Sunday, February 17, 2013

Guest author: SHANNON DUFFY

Today I'd like to welcome Middle Grade author Shannon Duffy to my blog.

Shannon is a fellow Month9Books author and her MG novel, GABRIEL STONE AND THE DIVINITY OF VALTA released Feb 5th.

Gabriel Stone and the Divinity of Valta is a magical, fast-paced story that takes readers on a journey they won’t soon forget. It has enough mystery, intrigue and wonder to keep readers up, lamp lit, and reading into the night.

Month9Books, a new publisher of speculative fiction for teens and tweens, launches its inaugural list on January 1, 2013 with the release of GABRIEL STONE AND THE DIVINITY OF VALTA, a middle grade title from Canadian author, Shannon Duffy, whose first title, a young adult paranormal romance, SPECTRAL, was published in April 2012 from Tribute Books.

Gabriel Stone is a twelve-year-old boy still reeling from the unsolved disappearance of his mother. With a dad who’s hard to relate to, and mounting pressures at school, Gabriel lets off steam by hiking in the place where his mother was last seen. There, Gabe and friends find a crystal that proves not only beautiful, but magical beyond their wildest dreams. Only, magic and beauty come with a price: in order to return home, they must save the dying world of Valta.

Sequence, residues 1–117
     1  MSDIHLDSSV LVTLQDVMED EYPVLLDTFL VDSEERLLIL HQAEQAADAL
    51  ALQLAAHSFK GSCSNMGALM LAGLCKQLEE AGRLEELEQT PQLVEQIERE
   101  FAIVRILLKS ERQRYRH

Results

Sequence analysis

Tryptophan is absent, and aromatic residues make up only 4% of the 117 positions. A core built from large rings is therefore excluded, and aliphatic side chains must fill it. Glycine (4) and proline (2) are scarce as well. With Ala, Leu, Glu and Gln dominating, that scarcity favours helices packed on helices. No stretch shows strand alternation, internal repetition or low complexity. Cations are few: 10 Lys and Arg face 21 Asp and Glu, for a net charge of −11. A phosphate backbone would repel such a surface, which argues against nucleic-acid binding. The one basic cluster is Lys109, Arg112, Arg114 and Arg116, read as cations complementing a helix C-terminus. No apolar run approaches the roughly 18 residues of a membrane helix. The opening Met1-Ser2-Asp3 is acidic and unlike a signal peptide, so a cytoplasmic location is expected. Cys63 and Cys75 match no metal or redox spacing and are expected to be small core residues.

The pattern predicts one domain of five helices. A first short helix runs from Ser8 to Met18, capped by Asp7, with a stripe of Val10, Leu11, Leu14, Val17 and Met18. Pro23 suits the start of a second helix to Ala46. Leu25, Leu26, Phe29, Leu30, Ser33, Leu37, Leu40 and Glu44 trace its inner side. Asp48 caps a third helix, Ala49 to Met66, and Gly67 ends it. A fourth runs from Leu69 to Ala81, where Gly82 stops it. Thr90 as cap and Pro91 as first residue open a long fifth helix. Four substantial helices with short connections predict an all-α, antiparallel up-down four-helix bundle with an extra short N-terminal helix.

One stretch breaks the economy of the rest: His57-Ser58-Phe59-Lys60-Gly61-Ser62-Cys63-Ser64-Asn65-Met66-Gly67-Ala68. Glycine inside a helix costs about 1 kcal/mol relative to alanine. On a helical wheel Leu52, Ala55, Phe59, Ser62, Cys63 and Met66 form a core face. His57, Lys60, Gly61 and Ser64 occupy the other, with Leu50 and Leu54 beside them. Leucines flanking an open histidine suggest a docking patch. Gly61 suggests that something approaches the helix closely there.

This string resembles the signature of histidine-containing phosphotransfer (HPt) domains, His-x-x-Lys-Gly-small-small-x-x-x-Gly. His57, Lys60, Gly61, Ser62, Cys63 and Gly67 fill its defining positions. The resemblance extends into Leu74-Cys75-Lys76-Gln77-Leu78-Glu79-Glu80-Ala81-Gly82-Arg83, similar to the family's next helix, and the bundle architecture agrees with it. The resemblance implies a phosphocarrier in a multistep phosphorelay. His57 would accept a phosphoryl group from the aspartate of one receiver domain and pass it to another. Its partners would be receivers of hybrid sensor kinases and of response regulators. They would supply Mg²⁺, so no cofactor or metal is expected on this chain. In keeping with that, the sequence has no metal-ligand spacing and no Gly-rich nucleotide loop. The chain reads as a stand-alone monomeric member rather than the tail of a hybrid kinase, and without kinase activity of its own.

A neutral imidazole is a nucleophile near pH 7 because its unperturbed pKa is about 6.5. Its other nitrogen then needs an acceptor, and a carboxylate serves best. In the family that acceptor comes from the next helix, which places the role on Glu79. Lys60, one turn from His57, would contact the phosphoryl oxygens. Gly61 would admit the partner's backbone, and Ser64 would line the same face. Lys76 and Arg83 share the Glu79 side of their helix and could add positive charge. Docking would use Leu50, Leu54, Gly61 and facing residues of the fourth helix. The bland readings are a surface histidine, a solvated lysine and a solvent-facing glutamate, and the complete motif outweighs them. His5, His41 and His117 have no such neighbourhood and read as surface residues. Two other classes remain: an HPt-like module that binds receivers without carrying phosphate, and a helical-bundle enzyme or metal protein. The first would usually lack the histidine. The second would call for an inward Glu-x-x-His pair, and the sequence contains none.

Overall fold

GABRIEL STONE AND THE DIVINITY OF VALTA is perfect for the classroom. Reading and Teacher Guides are availableContact Caroline Patty to request guides. GABRIEL STONE AND THE DIVINITY OF VALTA also makes a great gift for readers ages 9 and up who enjoy fantasy stories like THE CHRONICLES OF NARNIA and THE BRIDGE TO TARABITHIA.


Shannon Duffy grew up on the beautiful east coast of Canada, and now lives in Ontario, Canada with her husband and son, Gabriel. She’s mom to one boy, and several pets. Shannon loves writing, reading, working out, soccer, and the sport of champions: shopping. Shannon Duffy is available for quotes, signings, video or podcast appearances, and all opportunities relative to GABRIEL STONE AND THE DIVINITY OF VALTA. 

GABRIEL STONE AND THE WRATH OF THE SOLARIAN, Book 2 in the Gabriel Stone series will be available from Month9Books in February 2014!

Month 9 Books is a publisher of speculative fiction for teens and tweens… where nothing is as it seems. Month9Books will donate proceeds from each of its annual charity anthologies to a deserving charity. Individually, authors may donate his or her advances and royalties to a charitable organization. Month9Books will also release 10-12 non-charitable titles annually. GABRIEL STONE AND THE DIVINITY OF VALTA is Month9Books’s first Middle Grade release. Month9Books is distributed by Small Press United, a division of IPG. You may visit for more information.
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And now, over to Shannon:

Top ten editing tricks every writer should know:

Okay, so I’m always hesitant to give advice on these kinds of things cause it’s not like once you get a book published you’re suddenly an expert. So, with that in mind, I’ll share what works for me: